Rise and Grind? Not for Montessorians!

Rise and Grind? Not for Montessorians!

Most people wake up everyday ready to “rise and shine,” as the old saying goes, but in the pressure cooker society that has developed, this phrase has taken on a whole new meaning and has quickly transformed into “rise and grind.” Grind culture is the idea that success is measured by the amount of time someone is “on and available.” It is the societal standard that individuals should exert maximum effort professionally.

Grind culture has led educators to believe that pouring one’s entire self into their classroom makes them a better teacher. It has brainwashed teachers into thinking there is a correlation between the amount of hours one works and their love of the job (or their students). These are toxic ideals that could not be farther from the truth. After all, how can someone pour from an empty glass? How can a teacher set a standard for a healthy work-life balance and encourage the importance of social and emotional well-being for their students if they are not modeling this for them on a daily basis?

Montessori guides and leaders are likely to view Montessori principles as a way to transcend into a meaningful way of life, which can often lead to an over-dedication to their work. However, when implementing a pedagogy that focuses on holistic development and prioritizes emotional well-being, grind culture should certainly not be the norm for Montessori faculty and staff.

What does grind culture look like in a Montessori setting?

For Montessori guides and administrators, grind culture includes the number of hours someone works, the frequency with which one checks their emails from colleagues or parents, and the ability to be reached at any time. Montessori guides and leaders living grind culture are often the first to arrive at the school and the last to leave; they work through their lunch break and often check their emails and do follow-up work from home. In a Montessori classroom, it may even be represented by the guide’s use of work plans and continual assignment of tasks for students even once they finish their initial works.

Why does grind culture not align with Montessori principles and values?

The Montessori philosophy places equal value on intellectual growth, spiritual development, and social-emotional well-being, both for children and for adults. In fact, Dr. Montessori described that, “The vision of the teacher should be at once precise like that of the scientist, and spiritual like that of the saint. The preparation for science and the preparation for sanctity should form a new soul, for the attitude of the teacher should be at once positive, scientific, and spiritual” (Montessori, 107). It seems impossible for one to be positive, scientific, and spiritual while simultaneously exerting maximum effort and remaining “on and available” at all times. After all, in order for one to place so much focus on professional ventures, they must ignore other activities outside of work which are likely to bring them joy and feed their soul, a practice with which Maria Montessori surely would not have been in agreement.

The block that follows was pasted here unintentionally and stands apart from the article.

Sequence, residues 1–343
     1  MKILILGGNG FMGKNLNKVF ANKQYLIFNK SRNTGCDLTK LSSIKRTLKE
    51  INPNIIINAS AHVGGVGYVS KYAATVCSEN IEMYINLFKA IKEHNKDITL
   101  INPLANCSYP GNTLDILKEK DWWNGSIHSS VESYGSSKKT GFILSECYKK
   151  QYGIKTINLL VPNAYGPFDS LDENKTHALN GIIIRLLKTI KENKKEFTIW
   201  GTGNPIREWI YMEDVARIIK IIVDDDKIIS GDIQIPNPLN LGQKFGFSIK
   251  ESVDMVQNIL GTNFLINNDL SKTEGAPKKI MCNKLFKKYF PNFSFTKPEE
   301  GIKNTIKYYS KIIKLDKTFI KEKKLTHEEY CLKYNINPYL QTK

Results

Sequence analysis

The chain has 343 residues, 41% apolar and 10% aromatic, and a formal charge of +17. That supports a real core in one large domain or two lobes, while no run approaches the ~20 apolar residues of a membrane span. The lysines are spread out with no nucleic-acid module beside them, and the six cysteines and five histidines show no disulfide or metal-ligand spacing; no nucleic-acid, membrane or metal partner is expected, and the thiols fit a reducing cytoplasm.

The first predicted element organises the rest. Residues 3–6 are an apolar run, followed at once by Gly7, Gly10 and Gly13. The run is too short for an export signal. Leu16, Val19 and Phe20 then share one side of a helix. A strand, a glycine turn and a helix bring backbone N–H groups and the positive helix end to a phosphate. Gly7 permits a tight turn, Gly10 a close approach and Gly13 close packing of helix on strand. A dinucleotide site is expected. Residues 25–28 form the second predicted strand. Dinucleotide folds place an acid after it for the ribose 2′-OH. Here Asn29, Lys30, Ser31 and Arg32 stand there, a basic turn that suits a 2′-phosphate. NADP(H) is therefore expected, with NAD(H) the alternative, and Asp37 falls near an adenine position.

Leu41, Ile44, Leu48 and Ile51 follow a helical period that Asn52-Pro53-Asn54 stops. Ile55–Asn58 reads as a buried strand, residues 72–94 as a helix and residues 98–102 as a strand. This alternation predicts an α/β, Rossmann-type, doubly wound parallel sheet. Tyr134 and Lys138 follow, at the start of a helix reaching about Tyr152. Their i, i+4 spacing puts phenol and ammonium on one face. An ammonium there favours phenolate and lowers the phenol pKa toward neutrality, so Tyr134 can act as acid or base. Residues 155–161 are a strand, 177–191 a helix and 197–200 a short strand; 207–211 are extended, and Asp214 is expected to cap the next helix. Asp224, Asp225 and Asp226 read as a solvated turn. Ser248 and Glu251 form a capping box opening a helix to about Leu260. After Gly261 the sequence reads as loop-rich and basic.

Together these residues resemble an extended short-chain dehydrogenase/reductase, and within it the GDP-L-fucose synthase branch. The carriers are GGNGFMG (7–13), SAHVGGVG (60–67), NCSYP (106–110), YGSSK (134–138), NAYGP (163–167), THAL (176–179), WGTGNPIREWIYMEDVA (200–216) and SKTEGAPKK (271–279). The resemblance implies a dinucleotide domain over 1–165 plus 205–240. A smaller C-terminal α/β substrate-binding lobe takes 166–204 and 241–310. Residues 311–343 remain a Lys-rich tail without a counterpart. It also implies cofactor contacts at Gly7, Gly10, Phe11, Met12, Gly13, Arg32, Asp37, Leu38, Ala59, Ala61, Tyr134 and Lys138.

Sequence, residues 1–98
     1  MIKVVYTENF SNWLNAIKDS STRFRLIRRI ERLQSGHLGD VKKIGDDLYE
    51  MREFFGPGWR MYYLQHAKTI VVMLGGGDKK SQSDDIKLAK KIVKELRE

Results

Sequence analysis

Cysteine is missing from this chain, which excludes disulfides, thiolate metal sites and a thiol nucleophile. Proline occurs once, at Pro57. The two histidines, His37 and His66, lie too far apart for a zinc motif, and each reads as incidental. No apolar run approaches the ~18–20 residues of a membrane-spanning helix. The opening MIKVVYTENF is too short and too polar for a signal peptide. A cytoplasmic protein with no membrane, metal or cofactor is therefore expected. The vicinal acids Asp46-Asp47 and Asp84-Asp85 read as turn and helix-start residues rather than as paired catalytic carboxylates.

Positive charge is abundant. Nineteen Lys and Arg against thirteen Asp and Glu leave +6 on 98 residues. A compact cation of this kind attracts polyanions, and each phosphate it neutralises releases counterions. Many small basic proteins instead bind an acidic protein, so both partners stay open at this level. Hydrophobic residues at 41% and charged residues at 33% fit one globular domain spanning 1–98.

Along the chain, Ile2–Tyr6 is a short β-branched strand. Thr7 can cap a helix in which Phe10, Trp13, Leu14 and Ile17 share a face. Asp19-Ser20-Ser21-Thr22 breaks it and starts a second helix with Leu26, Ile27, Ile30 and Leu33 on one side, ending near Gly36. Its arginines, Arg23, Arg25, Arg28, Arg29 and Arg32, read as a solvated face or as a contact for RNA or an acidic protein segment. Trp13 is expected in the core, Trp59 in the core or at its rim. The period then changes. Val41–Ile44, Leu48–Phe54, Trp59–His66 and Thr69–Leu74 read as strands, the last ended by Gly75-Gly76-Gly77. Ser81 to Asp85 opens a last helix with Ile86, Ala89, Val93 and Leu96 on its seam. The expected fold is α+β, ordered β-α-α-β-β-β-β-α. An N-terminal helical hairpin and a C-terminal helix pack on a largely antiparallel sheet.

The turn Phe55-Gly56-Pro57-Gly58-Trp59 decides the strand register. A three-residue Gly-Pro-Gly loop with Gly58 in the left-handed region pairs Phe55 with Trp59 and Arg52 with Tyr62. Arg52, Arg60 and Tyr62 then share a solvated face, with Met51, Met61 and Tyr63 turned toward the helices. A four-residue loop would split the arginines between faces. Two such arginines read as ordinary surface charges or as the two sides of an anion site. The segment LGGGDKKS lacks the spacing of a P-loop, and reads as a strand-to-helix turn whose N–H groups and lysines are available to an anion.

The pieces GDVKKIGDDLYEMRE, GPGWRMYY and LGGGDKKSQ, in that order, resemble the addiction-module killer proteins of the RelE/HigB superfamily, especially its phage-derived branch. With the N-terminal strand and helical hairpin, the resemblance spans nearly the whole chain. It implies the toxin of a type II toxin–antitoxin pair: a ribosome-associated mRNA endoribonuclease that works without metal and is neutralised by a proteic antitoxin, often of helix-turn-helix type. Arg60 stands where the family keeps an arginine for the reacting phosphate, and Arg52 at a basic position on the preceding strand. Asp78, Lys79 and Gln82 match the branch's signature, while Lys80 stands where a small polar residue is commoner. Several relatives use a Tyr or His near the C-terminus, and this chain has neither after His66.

How can Montessorians avoid the pressure of grind culture?

In order to avoid the pressure of grind culture, it is essential that Montessori guides and leaders keep the heart of the pedagogy at the forefront of their practice, focusing not only on their professional success, but also on their spiritual needs and their social-emotional well-being.

Montessorians should prioritize self-care over burnout. In a job that can sometimes be very challenging and stressful, particularly considering the current teacher shortage in the United States, setting aside time each day to rest and replenish oneself is vital. It is important to lean on colleagues; guides and leaders should discuss the happenings of their day, vent when needed, and share their feelings with one another to receive helpful guidance and support. When necessary, one should take a mental health day to spend time doing things that are rejuvenating. Prioritizing activities outside of work is also essential for guides and administrators to meet their spiritual needs and feel a sense of completeness. Here are four ways administrators can support guides in taking time to invest in themselves.

Montessorians are often very dedicated to their practice, making diligent efforts to embody the ideals Dr. Montessori prescribed. In a society that has become so focused on maximum professional performance, it is essential that Montessori guides and administrators keep the heart of the pedagogy at the forefront of their daily existence to avoid grind culture. Living intentionally and taking time each day to invest in self-care will not only promote their spiritual and social-emotional well-being, but will allow them to more fully engage in meaningful intellectual growth as well.


Maria Montessori. The Advanced Montessori Method Volume 1. Ann Arbor, Michigan: The University of Michigan Library, p. 107.

About the Author

Heather White

Heather White, EdS, is a Montessori coach and consultant, content creator, and educator for adult learners, as well as a moderator and manager for the Montessori at Home (0 – 3 years) Facebook group. Formerly, she was a Montessori teacher, in-home caregiver, Lower Elementary coordinator, and associate head of school. She also has experience as a school psychologist intern. She is AMS-credentialed (Early Childhood, Elementary I) and is a Nationally Certified School Psychologist (NCSP). Contact her at hpratt@stetson.edu.

The opinions expressed in Montessori Life are those of the authors and do not necessarily represent the position of AMS.

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